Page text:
COVID-19: A key to good health is right outside your door

Memorial Day weekend has arrived once againmarking the unofficial start of yet another summer season. And with vaccination rates climbing and restrictions lifting, things are shaping up to be more “normal” than they’ve been in a long while.  

But that doesn’t mean this pandemic is over. We’ve still got a ways to go before we’re out of the woods. And as always, I will be the first to urge continued vigilance.  

The good news is, the return of summer helps make staying healthy easier for everyone. Assuming, of course, you’re soaking up some good, old-fashioned sunshine every single day… 

Sunlight saves lives 

Scottish researchers looked at all recorded COVID-19 deaths that occurred in the U.S.  between January and April 2020. Then, they compared them to ultraviolet (UV) ray exposure levels in nearly 2,500 American counties during the same time frame.  

Turns out, people living in areas with the highest UVA ray exposure (those are the rays that make up 95 percent of the sun’s light) had a lower risk of dying from COVID-19 compared to people in areas with lower levels of UVA exposure.  

And get this: Researchers found the same association when they repeated their analysis in England and Italy. Even after accounting for a whole host of factors—including age, ethnicity, socioeconomic status, air pollution, temperature, population density, and local infection rates.  

But the craziest part? This death risk reduction appeared to be completely independent of vitamin D levels… suggesting that it’s sunshine’s other benefits at work here.  

Like the fact that sunlight exposure triggers the release of nitric oxide (NO) in the skin. And some research suggests this might make it harder for the novel coronavirus to replicate.  

But that’s not the only benefit of NO release. It also acts as a potent vasodilator—balancing blood pressure and boosting cardiovascular health. (Both of which play a key role in COVID-19 complications.)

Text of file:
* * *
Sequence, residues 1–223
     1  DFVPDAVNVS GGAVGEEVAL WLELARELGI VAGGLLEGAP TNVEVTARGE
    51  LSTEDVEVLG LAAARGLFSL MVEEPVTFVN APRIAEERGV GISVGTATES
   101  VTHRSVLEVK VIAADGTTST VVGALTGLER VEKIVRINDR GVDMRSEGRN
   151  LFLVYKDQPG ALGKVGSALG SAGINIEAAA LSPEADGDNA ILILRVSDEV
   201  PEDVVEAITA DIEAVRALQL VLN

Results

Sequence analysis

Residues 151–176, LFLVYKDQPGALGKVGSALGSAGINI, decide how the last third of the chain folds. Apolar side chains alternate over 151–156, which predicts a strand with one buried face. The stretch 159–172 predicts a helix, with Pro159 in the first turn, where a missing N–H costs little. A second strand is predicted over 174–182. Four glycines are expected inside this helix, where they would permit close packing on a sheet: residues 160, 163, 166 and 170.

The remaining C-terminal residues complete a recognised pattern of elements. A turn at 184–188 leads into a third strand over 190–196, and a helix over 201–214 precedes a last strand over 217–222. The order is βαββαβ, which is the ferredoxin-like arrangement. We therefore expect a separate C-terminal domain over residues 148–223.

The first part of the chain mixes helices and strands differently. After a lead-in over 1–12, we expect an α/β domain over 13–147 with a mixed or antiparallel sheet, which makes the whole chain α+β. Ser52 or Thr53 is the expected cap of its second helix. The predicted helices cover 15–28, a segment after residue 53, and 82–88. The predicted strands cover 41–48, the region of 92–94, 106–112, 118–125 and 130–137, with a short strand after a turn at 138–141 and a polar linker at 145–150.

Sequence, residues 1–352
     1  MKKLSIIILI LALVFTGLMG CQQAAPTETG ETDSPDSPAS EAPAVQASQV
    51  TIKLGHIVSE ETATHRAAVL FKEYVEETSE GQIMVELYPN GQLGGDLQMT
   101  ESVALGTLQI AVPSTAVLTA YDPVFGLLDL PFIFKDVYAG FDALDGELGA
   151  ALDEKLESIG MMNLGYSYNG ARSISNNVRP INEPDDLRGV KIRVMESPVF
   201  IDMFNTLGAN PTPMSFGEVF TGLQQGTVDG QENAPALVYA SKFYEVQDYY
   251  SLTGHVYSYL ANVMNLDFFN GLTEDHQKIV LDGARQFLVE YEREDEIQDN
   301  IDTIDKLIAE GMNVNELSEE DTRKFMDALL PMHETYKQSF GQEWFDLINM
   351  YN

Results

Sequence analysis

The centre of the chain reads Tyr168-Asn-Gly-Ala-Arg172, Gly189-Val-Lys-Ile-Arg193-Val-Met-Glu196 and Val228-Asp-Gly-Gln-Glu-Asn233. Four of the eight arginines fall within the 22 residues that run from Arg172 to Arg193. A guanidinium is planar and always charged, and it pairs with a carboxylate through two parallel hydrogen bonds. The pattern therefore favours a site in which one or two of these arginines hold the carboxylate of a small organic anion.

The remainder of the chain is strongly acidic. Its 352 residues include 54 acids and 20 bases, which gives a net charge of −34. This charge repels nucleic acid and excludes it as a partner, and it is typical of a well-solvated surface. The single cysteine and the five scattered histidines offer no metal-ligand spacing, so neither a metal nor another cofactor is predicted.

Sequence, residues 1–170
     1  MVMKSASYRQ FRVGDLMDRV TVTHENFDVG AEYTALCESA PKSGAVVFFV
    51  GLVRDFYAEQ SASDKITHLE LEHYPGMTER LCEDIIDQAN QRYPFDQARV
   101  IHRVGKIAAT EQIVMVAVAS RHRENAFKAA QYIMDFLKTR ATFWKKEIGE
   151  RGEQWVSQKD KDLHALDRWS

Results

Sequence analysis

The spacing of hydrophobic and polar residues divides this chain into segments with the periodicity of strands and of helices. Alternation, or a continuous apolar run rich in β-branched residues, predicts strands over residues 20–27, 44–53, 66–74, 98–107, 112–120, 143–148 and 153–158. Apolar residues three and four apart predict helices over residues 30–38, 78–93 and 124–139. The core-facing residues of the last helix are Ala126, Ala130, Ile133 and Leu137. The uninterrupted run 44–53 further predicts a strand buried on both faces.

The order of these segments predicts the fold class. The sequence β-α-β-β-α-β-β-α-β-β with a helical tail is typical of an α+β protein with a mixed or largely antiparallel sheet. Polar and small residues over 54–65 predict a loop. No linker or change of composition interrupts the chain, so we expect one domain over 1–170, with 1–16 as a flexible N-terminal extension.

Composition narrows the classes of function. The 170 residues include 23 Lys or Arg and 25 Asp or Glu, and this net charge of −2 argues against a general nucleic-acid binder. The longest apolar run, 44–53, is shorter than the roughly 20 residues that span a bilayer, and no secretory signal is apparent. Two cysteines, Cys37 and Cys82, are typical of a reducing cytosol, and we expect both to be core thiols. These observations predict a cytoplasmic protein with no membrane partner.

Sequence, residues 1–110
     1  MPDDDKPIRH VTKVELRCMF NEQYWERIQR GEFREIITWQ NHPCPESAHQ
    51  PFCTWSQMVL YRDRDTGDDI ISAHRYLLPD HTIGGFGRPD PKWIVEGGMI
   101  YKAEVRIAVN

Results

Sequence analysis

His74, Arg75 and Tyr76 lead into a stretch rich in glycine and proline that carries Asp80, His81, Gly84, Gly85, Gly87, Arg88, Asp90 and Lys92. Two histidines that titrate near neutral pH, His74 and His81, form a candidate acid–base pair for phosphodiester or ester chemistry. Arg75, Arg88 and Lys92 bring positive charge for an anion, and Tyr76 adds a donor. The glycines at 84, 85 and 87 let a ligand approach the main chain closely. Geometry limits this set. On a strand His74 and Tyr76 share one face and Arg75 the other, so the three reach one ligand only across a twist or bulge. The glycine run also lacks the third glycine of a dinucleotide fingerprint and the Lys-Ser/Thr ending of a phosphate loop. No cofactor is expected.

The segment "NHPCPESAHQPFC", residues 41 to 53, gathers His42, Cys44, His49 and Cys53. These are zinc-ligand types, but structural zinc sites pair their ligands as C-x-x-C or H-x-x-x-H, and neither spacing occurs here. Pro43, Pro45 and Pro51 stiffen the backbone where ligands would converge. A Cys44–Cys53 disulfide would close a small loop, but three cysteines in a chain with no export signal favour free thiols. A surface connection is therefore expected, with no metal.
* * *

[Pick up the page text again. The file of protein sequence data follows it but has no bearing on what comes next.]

few important caveats 

I’ve been an unapologetic sunseeker my whole life. I just feel better when I’m getting more sun—and science continues to offer plenty of explanations why.  

Plus, we’ve known since the very beginning of this pandemic that ample vitamin D levels are protective against both infection and complications. (That’s just one reason why this supplement has always been a cornerstone of my immune protocol, my Complete Guide to Year-Round Immunity.) 

So while it may not have played a role in this particular finding, there’s little question that it does make a difference.    

If nothing else, this research is a timely reminder that one of the most powerful keys to good health is waiting right outside your front door 

There are, however, a few important caveats… 

The first is that, even in the summer, don’t expect sun exposure to completely replace your daily D3 supplement. In fact, in order to stop supplementing altogether, you’d have to live in South Florida or the very Southern part of Texas. If you don’t, D supplementation remains crucial. 

I generally recommend a minimum of 50 mcg (2,000 IU) to 125 mcg (5,000 IU) daily, alongside ample “sunbathing.” (Aim for maximum skin exposure during mid-day, without sunscreen, for 15 to 20 minutes daily.) But if you aren’t able to routinely soak up the sun, I recommend supplementing with 250 mcg (10,000 IU), year-round. (Just remember to get your blood levels screened every six months to ensure you’re maintaining “optimal” levels, as I often report.)   

Secondly, while I don’t urge you to hide from the sun, this isn’t carte blanche to grab the baby oil and foil tanning reflectorSkin cancer and premature aging are both very real concerns. So smart sun protection throughout the summer is still a good idea.  

In fact, I tackled this very topic in the upcoming June issue of my monthly newsletter, Logical Health Alternatives. So if you haven’t yet, consider subscribing todayYou won’t want to miss it!  


“Sunlight linked with lower COVID-19 deaths, study shows.” Science Daily, 04/09/2021. (